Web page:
Here’s a rundown of the thirteen episodes contained on the four discs in the set:

    1 - Pilot
    2 - Blogan
    3 - Ovophagy
    4 - What to Expect When You’re Expecting
    5 - You Don’t Know Jack
    6 - The Secret Lives of Altar Girls
    7 - Come Together
    8 - The Thing Under the Bed
    9 - This Is Not Your Father’s Hostage Situation
    10 - The Sexxx Issue
    11 - Pap Smeared
    12 - Caught on Tape
    13 - Ita Missa Est

    Video Quality


    This FX series is presented on DVD in a 1.78:1 anamorphic transfer. In general, the image is solid and sharp with good flesh tones and fine color reproduction easily eclipsing the look of the broadcast version. Black levels vary throughout the episodes, sometimes blowing out and other times looking very deep and rich. There is occasional video noise, but it’s not obtrusive. Each episode has been divided into 7 chapters.

    Audio Quality


    The Dolby Digital 5.1 audio track places the speaking voices solidly in the center channel but restricts the rear channels almost exclusively to music. It’s a very talky drama, so the chances for ambient effects for the surrounds aren’t always present. However, to increase the tension in some of the episodes, a very dominant tone rattles effectively through the LFE channel.

    Special Features


    All of the featurettes on disc four are presented in nonanamorphic widescreen.

    “Celebrity Couple Gets Dirty” is a 5-minute overview detailing the origin of the show from its producers and head writer.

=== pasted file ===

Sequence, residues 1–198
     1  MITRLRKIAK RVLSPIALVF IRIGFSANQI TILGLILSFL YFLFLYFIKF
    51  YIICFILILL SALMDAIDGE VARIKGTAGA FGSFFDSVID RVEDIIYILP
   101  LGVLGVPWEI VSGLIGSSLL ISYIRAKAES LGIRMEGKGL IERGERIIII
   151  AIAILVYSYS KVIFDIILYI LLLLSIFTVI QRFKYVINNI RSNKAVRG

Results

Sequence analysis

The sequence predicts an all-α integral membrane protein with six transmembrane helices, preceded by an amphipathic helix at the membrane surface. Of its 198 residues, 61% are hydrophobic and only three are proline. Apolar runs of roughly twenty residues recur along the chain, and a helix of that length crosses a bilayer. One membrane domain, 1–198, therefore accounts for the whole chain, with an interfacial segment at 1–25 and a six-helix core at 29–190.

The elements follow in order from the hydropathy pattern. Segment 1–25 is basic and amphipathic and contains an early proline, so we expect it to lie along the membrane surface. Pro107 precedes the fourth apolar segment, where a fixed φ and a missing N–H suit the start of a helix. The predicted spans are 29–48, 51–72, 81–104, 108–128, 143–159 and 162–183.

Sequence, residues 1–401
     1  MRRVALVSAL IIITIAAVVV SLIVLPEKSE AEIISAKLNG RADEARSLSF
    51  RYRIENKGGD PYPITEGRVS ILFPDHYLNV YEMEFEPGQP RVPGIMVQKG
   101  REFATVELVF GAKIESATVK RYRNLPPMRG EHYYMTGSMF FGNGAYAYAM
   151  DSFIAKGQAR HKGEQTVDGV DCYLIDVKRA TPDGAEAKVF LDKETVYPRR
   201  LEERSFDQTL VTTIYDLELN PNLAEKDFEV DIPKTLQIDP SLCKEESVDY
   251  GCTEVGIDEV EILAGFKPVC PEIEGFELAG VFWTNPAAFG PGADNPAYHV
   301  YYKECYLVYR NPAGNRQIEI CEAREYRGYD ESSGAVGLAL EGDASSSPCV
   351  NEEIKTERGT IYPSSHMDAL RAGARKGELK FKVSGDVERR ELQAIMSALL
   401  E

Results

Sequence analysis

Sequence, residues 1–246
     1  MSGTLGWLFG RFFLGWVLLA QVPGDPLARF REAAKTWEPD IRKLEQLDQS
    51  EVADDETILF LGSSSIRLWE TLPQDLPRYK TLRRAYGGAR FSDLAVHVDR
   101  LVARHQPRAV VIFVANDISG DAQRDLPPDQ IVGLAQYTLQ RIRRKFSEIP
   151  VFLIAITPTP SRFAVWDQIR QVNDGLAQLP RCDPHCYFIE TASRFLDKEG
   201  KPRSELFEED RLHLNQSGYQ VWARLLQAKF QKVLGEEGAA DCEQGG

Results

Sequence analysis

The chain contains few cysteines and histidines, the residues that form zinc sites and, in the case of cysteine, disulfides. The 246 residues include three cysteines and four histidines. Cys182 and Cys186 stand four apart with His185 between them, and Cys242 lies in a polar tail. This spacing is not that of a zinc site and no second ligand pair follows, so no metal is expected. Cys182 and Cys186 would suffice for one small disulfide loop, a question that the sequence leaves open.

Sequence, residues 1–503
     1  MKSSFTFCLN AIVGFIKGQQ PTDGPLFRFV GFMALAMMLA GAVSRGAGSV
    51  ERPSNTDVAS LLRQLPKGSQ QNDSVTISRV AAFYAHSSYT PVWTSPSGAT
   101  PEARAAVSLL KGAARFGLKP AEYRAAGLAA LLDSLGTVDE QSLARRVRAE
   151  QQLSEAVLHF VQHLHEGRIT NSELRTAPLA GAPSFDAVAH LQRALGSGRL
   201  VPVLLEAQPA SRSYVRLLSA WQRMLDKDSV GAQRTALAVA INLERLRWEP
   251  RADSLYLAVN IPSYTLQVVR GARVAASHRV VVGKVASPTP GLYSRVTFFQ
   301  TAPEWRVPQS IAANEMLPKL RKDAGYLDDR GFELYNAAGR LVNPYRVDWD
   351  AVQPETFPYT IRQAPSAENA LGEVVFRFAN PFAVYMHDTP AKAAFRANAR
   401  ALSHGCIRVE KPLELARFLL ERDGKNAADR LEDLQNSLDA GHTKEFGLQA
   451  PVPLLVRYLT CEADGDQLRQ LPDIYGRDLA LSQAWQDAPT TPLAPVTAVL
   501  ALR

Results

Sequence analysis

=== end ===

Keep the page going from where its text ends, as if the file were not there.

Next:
“Through a Lens, Darkly” concentrates on the key character of schizophrenic Don Konkey and the actor (Ian Hart) who plays him. The feature runs 6½ minutes.

    “Tabloid Wars: Totally True Stories from the Celebrity Trenches” is another 6½-minute piece on how the tabloid Dirt Now which is the focus of the series differs from American tabloids and how it was more decisively based on the Fleet Street tabloids in London with its more aggressive style and its use of modern technology to seek out news.

    A very brief 1½-minute gag reel of no particular interest is offered as a special feature.

    The DVD offers 18 minutes of deleted and extended scenes which can be selected individually or played all at once. Each of the eleven scenes is introduced by the show’s producer-director-writer Matthew Carnahan who explains their exclusion from the finished episodes.

    A very brief 1¼-minute preview of season two has Matthew Carnahan discussing upcoming plans for the second season which will include shorter story arcs and more focus on the Lucy-Don friendship.

    Buena Vista trailers for the upcoming Becoming Jane, Golden Door, and Eagle Versus Shark wrap up the bonus items on disc four.

    In Conclusion

    3.5/5 (not an average)

    Though it got mostly negative reviews from mainstream critics for its first season, I found Dirt oddly addictive and a definite guilty pleasure. If the melodramatic ups and downs of some unusual Hollywood types sounds like something of interest, you might want to give the series a chance.

    Matt Hough
    Charlotte, NC
  2. John Carr

    John Carr Stunt Coordinator

    May 25, 2004
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    Good review Matt! I've been on the fence regarding purchasing this show; now I'm going to spring for the First Season.

    Thanks for the incisive review!